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Harold Pinter

(1930 - 2008)


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Harold Pinter was born on October 10, 1930, in Hackney, East London to father Jack Pinter and Frances Moskowitz. In his early life before World War II, he experienced many instances of anti-Semitism in London, which had a deep impact on his writing and his theatrical works. When the war began, he was evacuated from London for three years, and upon his return a few years later he was accepted at the Royal Academy of Dramatic Art. He began publishing his first poems in 1950. In 1951, he earned an acting position with a famous Shakespearean repertory company. Pinter was awarded the Nobel Prize for Literature in 2005. According to the Swedish Academy:

“Harold Pinter is generally seen as the foremost representative of British drama in the second half of the 20th century. That he occupies a position as a modern classic is illustrated by his name entering the language as an adjective used to describe a particular atmosphere and environment in drama: ‘Pinteresque.’”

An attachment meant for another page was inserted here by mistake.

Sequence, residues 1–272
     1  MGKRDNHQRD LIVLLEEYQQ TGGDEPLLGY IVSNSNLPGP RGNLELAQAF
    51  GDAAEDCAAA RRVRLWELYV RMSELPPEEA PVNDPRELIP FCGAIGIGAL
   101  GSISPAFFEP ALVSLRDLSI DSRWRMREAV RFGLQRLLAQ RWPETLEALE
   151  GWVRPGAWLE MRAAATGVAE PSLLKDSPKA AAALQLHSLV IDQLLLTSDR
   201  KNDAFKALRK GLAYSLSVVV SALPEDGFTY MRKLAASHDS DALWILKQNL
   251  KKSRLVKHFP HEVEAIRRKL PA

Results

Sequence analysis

Joshua Cohen of Forward states, “Pinter is too much of a Modern to define himself as a Jew,” and that he “has downplayed his Judaism many times in conversation, and has consciously ignored it in his characterizations.” However, his Jewish heritage and his past experiences with anti-Semitism have given his work “a style that sets it apart from most English-language contemporaries, and certainly from the stultifying ranks of recent British dramatists.”

Pinter was a vocal critic of Israeli government policies toward the Palestinians and a signatory of the mission statement of Jews for Justice for Palestine in 2005.

Despite frail health after being diagnosed with esophageal cancer in December 2001, Pinter continued to act on stage and screen the following years. He died from liver cancer on December 24, 2008 and was buried at Kensal Green Cemetery in North West London.

Here is a complete listing of Pinter's written works:

This bibliography includes published works only. Many of the works have been translated into French and German.

Works in English

Plays (year of writing; year of publication; year of first performance)

The Room (1957). – in The Birthday Party, and Other Plays. – London : Methuen, 1960. – (Bristol, 1957)

The Birthday Party (1957). – in The Birthday Party, and Other Plays. – London : Methuen, 1960. – (Arts Theatre, Cambridge, 28 April 1958)